Freshmen Dems’ Learning SessionsThis week, we found our time well spent yet again as two highly informative learning sessions took place to help us make thoughtful and well informed decisions when addressing future legislative issues.
Sallie Hemenway, from the Department of Economic Development (DED), talked to us about tax credits. There were a lot of questions as legislators work to ensure they understand how the various credits work and what they do. The focus of the discussion was on proposed legislation that would subject tax credits to the appropriations process. DED has not taken a position on this legislation to date. There were so many questions as we went through the topic (everyone felt they could have listened and learned from Sallie for hours, but we only had one scheduled,) that the question itself was only addressed in this way: Subjecting tax credits to the appropriations process will change the time line for the developer(s) of the project. The legislative body will have to determine whether that is something it feels is beneficial to impose.
Our second session for the day (we are fortunate to have a group of people who want to learn, and those who are willing to help us do so) included Dr. Jon Hagler, Director of Agriculture, and Davis Minton, Department Director of Natural Resources. Our discussion and questions focused on CAFOS( Confined Animal Feeding Operations), local versus state control and information about "puppy mills." Animal welfare groups and animal lovers in our district have been especially concerned about puppy mills in the state. Under Dr. Hagler's leadership, a new program, Operation Bark Alert has been implemented. It is the belief of the department that the big offenders and news headliners exposing horrible breeding practices and accommodations under which man's best friends live in Missouri are created by the unlicensed breeders. Resources for the department are scarce. It will require additional personnel (currently there are 11 inspectors for the entire state) to continue to inspect the licensed breeders, pounds and facilities and to seek out the unlicensed breeders and shut them down. To learn more about the department's activities and innovations, you can "google" the Missouri Department of Agriculture.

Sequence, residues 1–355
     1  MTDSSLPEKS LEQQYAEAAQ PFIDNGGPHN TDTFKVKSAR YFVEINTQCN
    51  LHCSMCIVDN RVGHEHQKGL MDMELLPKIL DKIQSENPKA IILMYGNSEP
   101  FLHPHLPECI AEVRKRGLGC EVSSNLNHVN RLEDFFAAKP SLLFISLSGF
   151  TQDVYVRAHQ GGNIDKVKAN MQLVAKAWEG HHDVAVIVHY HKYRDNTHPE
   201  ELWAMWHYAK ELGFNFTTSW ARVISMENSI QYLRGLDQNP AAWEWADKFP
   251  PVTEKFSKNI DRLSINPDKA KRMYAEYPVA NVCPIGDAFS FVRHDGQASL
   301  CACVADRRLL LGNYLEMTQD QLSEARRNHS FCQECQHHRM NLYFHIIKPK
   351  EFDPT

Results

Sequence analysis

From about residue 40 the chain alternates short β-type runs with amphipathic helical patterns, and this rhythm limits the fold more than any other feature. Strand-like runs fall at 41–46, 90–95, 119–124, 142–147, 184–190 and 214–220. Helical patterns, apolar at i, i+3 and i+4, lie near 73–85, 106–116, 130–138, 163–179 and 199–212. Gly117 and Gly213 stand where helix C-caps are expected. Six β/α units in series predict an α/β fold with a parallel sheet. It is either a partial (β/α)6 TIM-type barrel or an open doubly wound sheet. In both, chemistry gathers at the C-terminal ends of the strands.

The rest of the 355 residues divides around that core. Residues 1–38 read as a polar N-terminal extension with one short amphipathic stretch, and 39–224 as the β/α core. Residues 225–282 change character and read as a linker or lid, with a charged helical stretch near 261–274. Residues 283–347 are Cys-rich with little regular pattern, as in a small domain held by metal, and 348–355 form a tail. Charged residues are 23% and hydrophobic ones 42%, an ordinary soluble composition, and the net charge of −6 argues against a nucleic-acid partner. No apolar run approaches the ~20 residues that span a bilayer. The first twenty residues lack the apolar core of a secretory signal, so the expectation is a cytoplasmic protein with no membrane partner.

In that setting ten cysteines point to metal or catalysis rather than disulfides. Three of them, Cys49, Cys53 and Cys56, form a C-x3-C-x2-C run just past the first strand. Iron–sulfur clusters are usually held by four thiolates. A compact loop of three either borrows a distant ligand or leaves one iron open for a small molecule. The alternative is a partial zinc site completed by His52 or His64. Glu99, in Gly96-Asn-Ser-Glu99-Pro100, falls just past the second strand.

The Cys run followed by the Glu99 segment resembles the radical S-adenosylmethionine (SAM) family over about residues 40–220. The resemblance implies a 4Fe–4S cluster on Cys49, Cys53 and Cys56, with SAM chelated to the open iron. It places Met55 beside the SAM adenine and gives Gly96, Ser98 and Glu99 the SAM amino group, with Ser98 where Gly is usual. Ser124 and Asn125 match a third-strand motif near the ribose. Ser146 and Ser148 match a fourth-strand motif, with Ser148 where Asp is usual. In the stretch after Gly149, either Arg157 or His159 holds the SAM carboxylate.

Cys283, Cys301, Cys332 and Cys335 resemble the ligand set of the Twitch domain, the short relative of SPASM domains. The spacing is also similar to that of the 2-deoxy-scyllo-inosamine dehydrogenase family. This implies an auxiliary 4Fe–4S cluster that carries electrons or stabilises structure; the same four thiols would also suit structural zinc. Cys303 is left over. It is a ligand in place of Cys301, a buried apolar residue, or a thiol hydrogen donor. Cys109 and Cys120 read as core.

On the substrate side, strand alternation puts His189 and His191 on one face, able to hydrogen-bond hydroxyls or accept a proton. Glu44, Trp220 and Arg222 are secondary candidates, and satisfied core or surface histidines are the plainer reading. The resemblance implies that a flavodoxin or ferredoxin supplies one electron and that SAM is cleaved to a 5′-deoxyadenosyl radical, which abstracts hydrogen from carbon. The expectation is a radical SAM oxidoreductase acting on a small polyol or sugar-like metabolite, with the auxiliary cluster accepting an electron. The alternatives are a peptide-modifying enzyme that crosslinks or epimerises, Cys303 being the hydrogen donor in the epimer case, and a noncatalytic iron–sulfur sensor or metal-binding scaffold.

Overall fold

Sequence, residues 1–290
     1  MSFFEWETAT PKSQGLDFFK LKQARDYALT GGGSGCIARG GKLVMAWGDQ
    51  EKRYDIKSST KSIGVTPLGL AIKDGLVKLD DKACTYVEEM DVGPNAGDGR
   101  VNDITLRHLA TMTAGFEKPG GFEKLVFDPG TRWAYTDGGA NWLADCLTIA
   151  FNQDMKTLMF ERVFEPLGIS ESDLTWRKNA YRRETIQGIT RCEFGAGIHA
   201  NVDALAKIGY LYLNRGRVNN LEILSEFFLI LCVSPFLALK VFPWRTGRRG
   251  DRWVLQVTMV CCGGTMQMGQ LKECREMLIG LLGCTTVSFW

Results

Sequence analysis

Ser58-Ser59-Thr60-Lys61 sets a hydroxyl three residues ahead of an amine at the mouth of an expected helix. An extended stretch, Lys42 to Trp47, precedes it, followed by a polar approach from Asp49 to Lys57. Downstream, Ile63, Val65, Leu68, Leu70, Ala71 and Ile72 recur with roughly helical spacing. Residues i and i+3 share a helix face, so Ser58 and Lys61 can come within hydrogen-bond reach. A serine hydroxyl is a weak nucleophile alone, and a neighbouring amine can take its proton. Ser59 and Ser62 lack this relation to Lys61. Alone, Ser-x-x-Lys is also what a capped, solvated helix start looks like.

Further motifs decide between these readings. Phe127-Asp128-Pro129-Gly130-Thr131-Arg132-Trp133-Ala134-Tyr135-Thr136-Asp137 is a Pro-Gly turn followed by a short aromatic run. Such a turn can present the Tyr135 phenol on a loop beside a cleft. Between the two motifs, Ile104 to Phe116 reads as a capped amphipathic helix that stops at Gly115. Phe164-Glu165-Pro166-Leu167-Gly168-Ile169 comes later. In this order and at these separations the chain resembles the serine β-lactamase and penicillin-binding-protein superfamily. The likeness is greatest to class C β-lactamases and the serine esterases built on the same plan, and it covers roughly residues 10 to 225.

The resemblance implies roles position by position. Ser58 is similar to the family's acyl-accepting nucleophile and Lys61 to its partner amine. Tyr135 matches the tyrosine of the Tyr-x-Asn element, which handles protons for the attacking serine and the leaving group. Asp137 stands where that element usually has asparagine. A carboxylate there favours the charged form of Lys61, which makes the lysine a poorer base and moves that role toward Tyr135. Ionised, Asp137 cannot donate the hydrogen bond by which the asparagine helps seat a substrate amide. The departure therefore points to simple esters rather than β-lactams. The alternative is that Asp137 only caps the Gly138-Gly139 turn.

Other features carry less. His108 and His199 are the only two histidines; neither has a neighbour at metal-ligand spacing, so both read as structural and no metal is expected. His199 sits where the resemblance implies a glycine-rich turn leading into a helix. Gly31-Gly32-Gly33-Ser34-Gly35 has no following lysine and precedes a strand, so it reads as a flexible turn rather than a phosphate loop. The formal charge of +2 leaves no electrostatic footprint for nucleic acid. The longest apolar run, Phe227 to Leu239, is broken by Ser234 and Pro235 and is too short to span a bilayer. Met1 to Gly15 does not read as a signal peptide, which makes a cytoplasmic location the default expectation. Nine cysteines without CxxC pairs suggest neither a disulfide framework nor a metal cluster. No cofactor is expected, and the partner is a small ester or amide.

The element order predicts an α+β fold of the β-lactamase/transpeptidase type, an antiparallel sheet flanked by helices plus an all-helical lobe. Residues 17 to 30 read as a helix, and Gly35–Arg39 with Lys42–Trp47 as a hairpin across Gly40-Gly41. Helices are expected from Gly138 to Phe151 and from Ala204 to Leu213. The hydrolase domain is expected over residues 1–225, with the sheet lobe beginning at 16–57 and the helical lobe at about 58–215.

Next week the caucus will hear from Jason Hall of the Missouri Technology Corporation (MTC), and Dr. Anthony Harris from the University of Missouri, about Missouri's advancement and opportunities in the biotechnology and plant, animal and life sciences fields, and Cynthia Kramer, executive director of SCOPE (Science and Citizens Operating for Purpose and Exploration.)
In the News...Governor Nixon appointed Major Ronald Replogle as superintendent of the Missouri State Highway Patrol on February 8. He is a 26-year patrol veteran and currently is commander of its Criminal Investigation Bureau.
Congratulations to Major Replogle.
House Bill 1497 was approved by the house this week. It requires the governor to call a special election to fill a vacancy to the offices of lieutenant governor, secretary of state, attorney general, state treasurer or state auditor. This would take away the governor's ability to appoint someone for the remainder of the term. It has fiscal implications and time ramifications. This bill will, for example, take the power away from the Governor to appoint a replacement should Secretary of State Robin Carnahan win in her bid for election to the U.S. Senate.
The House gave final approval for HB 1377, which requires that TANF (Temporary Assistance for Needy Families) recipients be screened and required to take a drug test. If found to be using an unprescribed drug, the $58/month received in benefits will be taken away for one year. The people who receive TANF benefits are mostly (78%) women with an average in the range of 2-3 children. This group is in the process of looking for work. Should the State find them to be drug users, it does nothing to help them overcome drug addiction. It is punitive, and places this poverty-stricken family in an even more tenuous situation by taking away dollars that could be going for rent and utilities. This year's form of the bill also requires drug testing for state elected officials and judges. What is lacking in that regard, is the same kind of punitive response to a positive drug-use finding than TANF recipients receive.